Bakhtin, Mikhail. Rabelais and his World. Trans. Helene Iswolsky. Cambridge, MASS: M.I.T. Press, 1965. [Originally published in Russian.] While dealing with Rabelais, this is a reasonably readable book that will introduce the theory and practice of "dialogic" criticism that attempts to deal with multivalence and plurality as opposed to univocal readings of the text.
Bartholomew, Barbara. Fortuna and Natura; A Reading of Three Chaucer Narratives. The Hague: Mouton, 1966. Fine study of two of Chaucer's key concepts.
Benson, C. David. Chaucer's Drama of Style: Poetic Variety and Contrast in the Canterbury Tales. Chapel Hill, NC: The University of North Carolina Press, 1986. While not entirely convincing, Benson presents the most consistent objection to Kittredge's theory of the "Roadside Drama" punctuated by "Dramatic Monologues."
Boitani, Piero and Jill Mann, eds. The Cambridge Chaucer Companion. Cambridge, Eng.: CUP, 1986. Fine introduction to historical and critical background on Chaucer.
Brundage, James A. Law, Sex, and Christian Society in Medieval Europe. Chicago: U of Chicago P, 1987. If you are interested in studies of marriage and the place of women in the Middle Ages and in Chaucer, this thorough study will give you the necessary background. Can usefully be supplemented by H. A, Kelley's Love and Marriage in the Age of Chaucer and David F. Greenberg's The Construction of Homosexuality, which, while dealing with a particular subgroup, provides valuable information on the terms in which sexuality was defined and identified in the Middle Ages.
Bryan, W. F. and G. Dempster, eds. Sources and Analogues of Chaucer's 'Canterbury Tales.' Chicago: University of Chicago Press, 1941. A bit dated, but still the most complete study of Chaucer's sources.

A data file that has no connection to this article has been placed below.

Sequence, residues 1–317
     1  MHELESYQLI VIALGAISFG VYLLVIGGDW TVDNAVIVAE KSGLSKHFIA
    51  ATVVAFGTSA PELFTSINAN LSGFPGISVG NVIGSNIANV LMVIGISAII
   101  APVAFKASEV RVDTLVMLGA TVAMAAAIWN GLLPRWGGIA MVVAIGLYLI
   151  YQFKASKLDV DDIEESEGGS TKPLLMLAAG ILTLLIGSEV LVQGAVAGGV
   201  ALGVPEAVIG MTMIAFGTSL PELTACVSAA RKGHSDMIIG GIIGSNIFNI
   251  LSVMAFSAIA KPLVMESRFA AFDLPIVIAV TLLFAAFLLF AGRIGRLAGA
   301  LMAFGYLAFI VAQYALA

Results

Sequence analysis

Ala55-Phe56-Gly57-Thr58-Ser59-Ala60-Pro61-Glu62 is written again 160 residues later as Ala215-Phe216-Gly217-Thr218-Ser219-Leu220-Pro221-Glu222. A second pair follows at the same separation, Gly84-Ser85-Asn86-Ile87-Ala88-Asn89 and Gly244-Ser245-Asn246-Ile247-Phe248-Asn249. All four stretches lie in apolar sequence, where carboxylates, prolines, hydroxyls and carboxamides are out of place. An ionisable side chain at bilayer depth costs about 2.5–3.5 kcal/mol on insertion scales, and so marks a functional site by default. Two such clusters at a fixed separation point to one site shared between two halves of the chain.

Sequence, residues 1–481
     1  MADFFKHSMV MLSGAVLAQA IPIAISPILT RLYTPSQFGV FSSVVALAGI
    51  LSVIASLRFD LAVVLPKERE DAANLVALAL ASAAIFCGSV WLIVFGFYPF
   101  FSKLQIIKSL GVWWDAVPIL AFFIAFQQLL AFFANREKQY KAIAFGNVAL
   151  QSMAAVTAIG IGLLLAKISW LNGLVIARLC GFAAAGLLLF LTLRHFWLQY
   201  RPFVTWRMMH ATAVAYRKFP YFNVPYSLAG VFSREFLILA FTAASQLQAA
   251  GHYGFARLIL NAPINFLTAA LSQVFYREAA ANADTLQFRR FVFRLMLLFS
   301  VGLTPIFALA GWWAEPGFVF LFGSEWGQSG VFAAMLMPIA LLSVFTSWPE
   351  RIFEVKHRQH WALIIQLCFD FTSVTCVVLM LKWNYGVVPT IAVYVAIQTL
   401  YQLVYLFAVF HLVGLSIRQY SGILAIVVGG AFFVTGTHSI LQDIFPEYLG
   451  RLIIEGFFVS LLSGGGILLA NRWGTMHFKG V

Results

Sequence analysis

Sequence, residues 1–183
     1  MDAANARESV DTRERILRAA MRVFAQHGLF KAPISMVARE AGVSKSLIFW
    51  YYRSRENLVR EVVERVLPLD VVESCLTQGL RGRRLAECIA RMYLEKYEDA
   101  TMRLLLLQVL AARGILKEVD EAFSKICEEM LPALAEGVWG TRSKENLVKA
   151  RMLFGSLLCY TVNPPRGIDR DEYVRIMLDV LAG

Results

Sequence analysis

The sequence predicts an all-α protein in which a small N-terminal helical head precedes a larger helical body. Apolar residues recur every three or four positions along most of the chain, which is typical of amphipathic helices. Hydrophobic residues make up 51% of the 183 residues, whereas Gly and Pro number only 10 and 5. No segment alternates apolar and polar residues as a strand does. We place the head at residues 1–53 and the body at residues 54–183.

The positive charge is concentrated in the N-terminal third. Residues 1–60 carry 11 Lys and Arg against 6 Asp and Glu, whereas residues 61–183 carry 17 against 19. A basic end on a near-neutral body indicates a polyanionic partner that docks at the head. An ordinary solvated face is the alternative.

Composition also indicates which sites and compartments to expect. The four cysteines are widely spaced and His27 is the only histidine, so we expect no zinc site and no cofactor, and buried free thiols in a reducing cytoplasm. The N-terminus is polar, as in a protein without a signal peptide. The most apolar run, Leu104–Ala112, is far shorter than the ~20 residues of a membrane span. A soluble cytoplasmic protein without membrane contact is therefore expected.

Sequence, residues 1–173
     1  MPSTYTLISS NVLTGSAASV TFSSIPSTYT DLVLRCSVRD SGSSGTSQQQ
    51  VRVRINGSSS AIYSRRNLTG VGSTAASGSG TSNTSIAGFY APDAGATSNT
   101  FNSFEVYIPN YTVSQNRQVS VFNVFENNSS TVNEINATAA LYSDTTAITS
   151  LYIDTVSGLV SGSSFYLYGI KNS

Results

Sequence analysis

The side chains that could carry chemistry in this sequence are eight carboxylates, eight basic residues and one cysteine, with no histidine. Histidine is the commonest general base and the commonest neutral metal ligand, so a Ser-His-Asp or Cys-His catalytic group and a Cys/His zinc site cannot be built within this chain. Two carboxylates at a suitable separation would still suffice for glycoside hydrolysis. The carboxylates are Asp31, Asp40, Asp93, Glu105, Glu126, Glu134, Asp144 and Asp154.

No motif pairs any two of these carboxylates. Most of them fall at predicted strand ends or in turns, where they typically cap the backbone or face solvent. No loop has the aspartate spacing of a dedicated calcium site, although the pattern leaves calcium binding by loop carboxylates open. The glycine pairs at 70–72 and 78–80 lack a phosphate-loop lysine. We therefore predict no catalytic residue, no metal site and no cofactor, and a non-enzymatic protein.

Burger, Glenn. "Reading Otherwise: Recovering the Subject in the Book of the Duchess." Exemplaria V (1993): 325-341.
Burrow, J. A. Ricardian Poetry: Chaucer, Gower, Langland, and the Gawain Poet. London: Routledge and Kegan Paul, 1971. A classic study identifying the literary characteristics of the authors working during the reign of Richard II.
Coleman, Janet. Ancient and Medieval Memories: Studies in the reconstruction of the past. Cambridge: Cambridge UP, 1992.
Curry, Walter Clyde. Chaucer and the Mediaeval Sciences. Oxford: Oxford University Press, 1926; 2nd ed. rev. and enlarged. New York: Barnes and Noble, 1960. Still the standard treatment of Chaucer knowledge and use of the sciences. A far more recent and thorough study is J. D. North's Chaucer and Science, but it may be too complex to be of use to a beginning student.
David, Alfred. "Old, New, and Yong in Chaucer." SAC 15 (1993): 5-21.
Dickson, Lynne. "The Cock and the Clock: Telling Time in Chaucer's Day." SAC 15 (1993): 61-90.
Dinshaw, Carolyn. Chaucer's Sexual Poetics. Madison: U of Wisconsin P, 1989.
Duby, Georges. The Three Orders: Feudal Society Imagined. Trans. Arthur Goldhammer. Chicago: University of Chicago Press, 1980. This (and anything else by Duby) provides superb historical and sociological background for understanding the Middle Ages.
Gellrich, Jesse. The Idea of the Book in the Middle Ages: Language Theory, Mythology, and Fiction. Ithaca, NY: Cornell UP, 1985. Deals with much besides Chaucer, but provides the best introduction to the use of modern critical theories (i.e. deconstruction) in Chaucer.
Green, Richard Firth. "The Pardoner's Pants (and Why They Matter)." SAC 15 (1993): 131-145.
Greenblatt, Stephen. Renaissance Self-Fashioning from More to Shakespeare. Chicago: U of Chicago P, 1980. While not dealing with Chaucer, this is a formative study and a fine introduction to the controversial and exciting practice of the New Historicism.
Hill, Ordelle G. The Manor, the Plowman, and the Shepherd: Agrarian Themes and Imagery in Late Medieval and Early Renaissance English Literature. London: Associated UP, 1993.
Howard, Donald R. The Idea of the Canterbury Tales. Berkeley, Los Angeles and London, 1976. An original and brilliant study of Chaucer with a slightly phenomenological approach.
Jordan, Robert M. Chaucer and the Shape of Creation: The Aesthetic Possibilities of Inorganic Structure. Cambridge, Mass.: Harvard University Press, 1967. An influential study of Gothic structure that opposes the New Critical quest for unity.